(i) an inherent right arising naturally from the parent-child relationship; (ii) an aspect of physical custody; (iii) a right arising in connection with physical custody; (iv) a right of children to develop emotionally through contact with their parent; and (v) a right of both parent and child.
After the 2000 ruling parental rights came down to a right to demand versus a right to request, with the right to request becoming the de facto meaning of Parental Rights. It seems that up until the 2000 ruling some of the lower court judges were determining the meaning of rights as those similar to what is proscribed in the United Nations Convention on the Rights of the Child. One significant point, the Supreme Court Judges that made the 2000 ruling, Justice FUJII Masao, Justice ENDO Mitsuo, Justice IJIMA Kazutomo, Justice OHDE Takao, and Justice MACHIDA Akira are no longer on the bench. If a similar case is brought before the Justices today we could get a different ruling. Of course, you remember the Judicial Reforms that began in December of 1999, in my opinion the Justices were aware of how their ruling would affect The Personal Status Litigation Law that was being drafted at the time.
By reviewing the work of Nishitani, Colin, Han van Loons, Bryant, the Judicial Review Council, and others I’ve been able to create a timeline that could give the left behind parents some idea as to when Japan will start to implement and enforce parental rights. I’ve compared the time it took Japan to implement and enforce the Jury System with the Personal Status Litigation Law because both legislations have a profound affect on the nation, as will the implementation and enforcement of the Hague Convention on the Civil Aspects of International Child Abduction along with the enforcement of Parental Rights of Access.
Jury System Personal Status Litigation Law
• December 21, 1999 Initial Report from the JRC 1. December 21, 1999 Initial Report from the JRC
• November 12, 2000 Sixty Five (65) Page Interim Report by JRC 2. November 12, 2000 Sixty Five (65) Page Interim Report by JRC
• June 12, 2001 Final Recommendations to the Cabinet by JRC 3. June 12, 2001 Final Recommendations to the Cabinet by JRC
• May 28, 2004 Approved by the Diet 4. July 09, 2003 Approved by the Diet
• June 01, 2009 Law went into effect 5. April 01, 2004 Law went into effect
• 9 Years 6 months to enact 6. 4 Years 5 months to enact
For simplicity, I’ve rounded the number of years and concluded it will take between 5 to 10 years before implementation and enforcement of the treaty or parental rights of access will be legally enforceable. From the article in the Yomiuri Shimbun one can assume the reform process will be carried out similar to the Judicial Reform process that started in December 1999 and took two (2) years before it actually reached the Diet.
While I believe you, Prime Minister Hatoyama, are sincere about resolving this issue, the facts lead me to distrust the bureaucrats in the Ministry of Justice and the Foreign Ministry. The Judicial Review Council and the Supreme Court knew about these problems in the first Judicial Reforms that began 10 years ago but chose not to face the tough issue of Parental Rights head on. Now, Mr. Hatoyama, are you relying on these same bureaucrats again? Why, is it that Professor Nishitani refers to a draft statute created by Japanese Scholars that would have paved the way for Japan to implement the Hague Convention on the Civil Aspects of International Child Abduction and the bureaucrats are sounding as though we have to start from scratch? If the Judicial Reform Council is drafting this legislation then who are the current members? I hope it is not any of the retired Supreme Court Justices that made the 2000 ruling. Furthermore, the Democratic Party of Japan’s Manifesto states the cabinet will be the center of policy-making. What happens if the DPJ loses power in the next election, which will be in two years, do we start from scratch again? Let’s see what Professor Yuko Nishitani and the Japanese Scholars proposed; maybe the cabinet can start from there. If the government wants the international community and all left-behind parents to cooperate while reforms are being created we need to know, What Are We Bargaining For?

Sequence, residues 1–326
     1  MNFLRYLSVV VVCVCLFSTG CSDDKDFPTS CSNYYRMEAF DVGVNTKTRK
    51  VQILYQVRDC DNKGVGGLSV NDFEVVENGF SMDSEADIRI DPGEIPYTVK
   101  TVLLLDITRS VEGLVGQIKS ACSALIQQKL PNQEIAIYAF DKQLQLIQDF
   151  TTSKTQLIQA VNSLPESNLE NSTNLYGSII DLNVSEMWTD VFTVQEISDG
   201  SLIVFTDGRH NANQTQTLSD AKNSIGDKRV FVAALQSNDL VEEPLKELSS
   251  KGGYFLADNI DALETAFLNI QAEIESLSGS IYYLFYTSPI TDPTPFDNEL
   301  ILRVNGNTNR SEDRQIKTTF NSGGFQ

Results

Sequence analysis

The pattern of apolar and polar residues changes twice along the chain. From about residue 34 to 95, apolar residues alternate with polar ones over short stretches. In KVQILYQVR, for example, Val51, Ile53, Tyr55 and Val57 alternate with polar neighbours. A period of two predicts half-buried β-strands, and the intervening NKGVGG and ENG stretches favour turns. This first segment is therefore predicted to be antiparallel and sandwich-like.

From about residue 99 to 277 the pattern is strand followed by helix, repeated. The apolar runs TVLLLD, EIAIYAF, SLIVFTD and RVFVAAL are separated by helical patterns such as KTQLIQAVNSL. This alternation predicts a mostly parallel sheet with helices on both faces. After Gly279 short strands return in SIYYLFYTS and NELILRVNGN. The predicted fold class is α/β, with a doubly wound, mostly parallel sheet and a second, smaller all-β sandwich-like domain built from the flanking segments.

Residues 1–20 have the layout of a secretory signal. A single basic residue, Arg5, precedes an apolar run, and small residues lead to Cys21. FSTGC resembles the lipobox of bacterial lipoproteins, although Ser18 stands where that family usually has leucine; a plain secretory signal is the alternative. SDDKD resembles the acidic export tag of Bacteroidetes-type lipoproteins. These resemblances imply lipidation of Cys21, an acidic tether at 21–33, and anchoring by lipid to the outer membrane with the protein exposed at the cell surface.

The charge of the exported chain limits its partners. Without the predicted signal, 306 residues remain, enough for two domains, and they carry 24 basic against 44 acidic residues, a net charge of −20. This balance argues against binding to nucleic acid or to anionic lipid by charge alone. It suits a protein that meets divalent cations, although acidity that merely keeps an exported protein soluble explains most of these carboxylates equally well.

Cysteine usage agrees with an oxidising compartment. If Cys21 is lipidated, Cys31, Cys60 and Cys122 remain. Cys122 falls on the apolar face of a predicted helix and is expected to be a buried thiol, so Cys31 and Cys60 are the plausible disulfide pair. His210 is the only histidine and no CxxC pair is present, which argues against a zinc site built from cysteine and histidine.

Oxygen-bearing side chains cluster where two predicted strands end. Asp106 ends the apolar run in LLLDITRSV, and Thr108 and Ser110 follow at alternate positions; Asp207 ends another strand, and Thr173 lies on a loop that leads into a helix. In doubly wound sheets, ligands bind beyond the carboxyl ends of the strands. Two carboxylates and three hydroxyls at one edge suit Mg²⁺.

7 comments on “Letter to Prime Minister Hatoyama regarding Child Abductions and legislative lag, from a Left-Behind Parent”
What happens if the DPJ loses power in the next election, which will be in two years, do we start from scratch again?
Debito, I think the next election is actually next year, for House of Councillors.
The lower house isn’t up for another four years.
— Yes, quite. But technically under our parliamentary system a Lower House Election could be earlier if there is a vote of no confidence or if Hatoyama calls a snap election. Anyhoo…
Thank you for writing such a direct and factual letter. It is about time someone who has good knowledge about the Japanese legal system write something like this to the PM.
Now lets hope he listens.
while obviously legislation is a first step (and an important one at that) remember how long it took the US to get the legislation in place and start enforcing it’s internal laws on child support, visitation, etc.
even after Japan passes a law changing it’s custody rules (and it will happen eventually as more and more fathers push for access/rights to see their children) there will be a lag, and likely a significant one, before any actual enforcement begins
I agree with Jerry. If Japan’s laws changed today, there would still be a lag in enforcement. Also, what makes anyone think that foreign [arents will be given equal treatment under any new laws? Japan’s track record does not support equal treatment.
— Soooo…., you’re arguing that Japan’s laws shouldn’t change?
Taylor, I’m saying the laws should be changed, but there isn’t a need for left-behind parents to wait so long for the change because there was a draft statute written years ago.
I also want left-behind parents to understand how Japanese politics work so they know what to watch for when the new laws are being drafted. As I pointed out, from 1999 till 2001 when the Personal Status Litigation Law was drafted nobody seemed to be aware they were reinforcing their current practice, which was to deny the non-custodial parent access when the parent with custody refused. This was something that came down from their Supreme Court.
Lastly, As you have said their track record does not support equal treatment. Therefore my point was; as they are making changes to the law left-behind parents need to know what they are planning because it may not fit their demands and needs. I want parents to be aware of how the law is crafted so they can add their input, as opposed to the situation in 1999 when parents and foreign diplomats weren’t really paying attention.